Most farmers aren’t ready to pick the corn crop just yet. But for Munson Hybrids, a company that grows seed corn, the harvest began on August 25.
On a steamy August 31, it’s a sight that defies the calendar.
“Seed corn harvest generally starts before everyone else any given year,” said Chad Randall, Munson Hybrids.
Deep within a 320-acre field in Henderson County, Randall is picking corn for Munson Hybrids. The Galesburg-based business produces seeds for farmers in a four-state radius.
“This year we’re starting a little earlier because it’s so dry,” he said.
Really dry. Seed corn harvest started five days ago and seems to begin earlier each year. They’ll finish before the first frost.
“Even customers that have known our business and are more familiar with it are surprised that we started this early,” said company owner John Hennenfent.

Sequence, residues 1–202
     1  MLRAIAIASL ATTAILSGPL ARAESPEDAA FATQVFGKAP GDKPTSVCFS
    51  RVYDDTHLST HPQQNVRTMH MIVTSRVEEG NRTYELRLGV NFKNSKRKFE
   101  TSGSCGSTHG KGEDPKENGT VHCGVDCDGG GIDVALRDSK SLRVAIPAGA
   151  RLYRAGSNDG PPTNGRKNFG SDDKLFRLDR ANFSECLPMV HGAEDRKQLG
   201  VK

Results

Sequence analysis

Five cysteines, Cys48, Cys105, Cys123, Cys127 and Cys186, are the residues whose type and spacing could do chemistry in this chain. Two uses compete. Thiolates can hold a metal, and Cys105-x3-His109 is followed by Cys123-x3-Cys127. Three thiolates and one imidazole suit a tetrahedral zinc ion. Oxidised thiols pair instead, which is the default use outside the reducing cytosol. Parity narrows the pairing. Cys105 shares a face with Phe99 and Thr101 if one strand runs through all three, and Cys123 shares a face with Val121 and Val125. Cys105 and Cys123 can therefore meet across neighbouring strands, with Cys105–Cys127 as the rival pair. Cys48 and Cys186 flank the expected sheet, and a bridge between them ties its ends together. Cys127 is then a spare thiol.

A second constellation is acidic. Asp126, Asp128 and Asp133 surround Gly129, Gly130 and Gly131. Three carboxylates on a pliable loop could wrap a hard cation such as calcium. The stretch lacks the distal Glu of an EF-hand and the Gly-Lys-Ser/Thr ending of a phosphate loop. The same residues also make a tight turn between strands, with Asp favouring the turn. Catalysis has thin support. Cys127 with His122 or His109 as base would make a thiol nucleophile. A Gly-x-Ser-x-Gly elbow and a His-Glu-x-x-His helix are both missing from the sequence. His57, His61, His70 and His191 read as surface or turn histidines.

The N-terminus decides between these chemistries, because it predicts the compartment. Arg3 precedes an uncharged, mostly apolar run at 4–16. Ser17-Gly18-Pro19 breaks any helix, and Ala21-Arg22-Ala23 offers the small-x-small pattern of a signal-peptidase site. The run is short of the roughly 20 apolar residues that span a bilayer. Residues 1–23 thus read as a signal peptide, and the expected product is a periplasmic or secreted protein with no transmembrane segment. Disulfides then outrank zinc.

For companies like Munson Hybrids, the early corn harvest is a way of life. It also has a way of previewing what field corn farmers will face down the road.
This year, it’s all about the weather. With brutal heat and little rain this summer, some ears are smaller. This field could bring in about three-quarters of its potential.
“It doesn’t have a complete seed set,” Hennenfent said. “There are scattered kernels on the cob. Some that don’t have hardly any on them.”
Still, Munson Hybrids will be able to meet its customer needs without dramatic price increases. It will also import corn from South America to maintain its reserves.
“We’ve always known that the warm weather for two weeks can really hurt a crop,” he said. “This year was a prime example of that.”
One pass at a time, an early harvest for Munson Hybrids.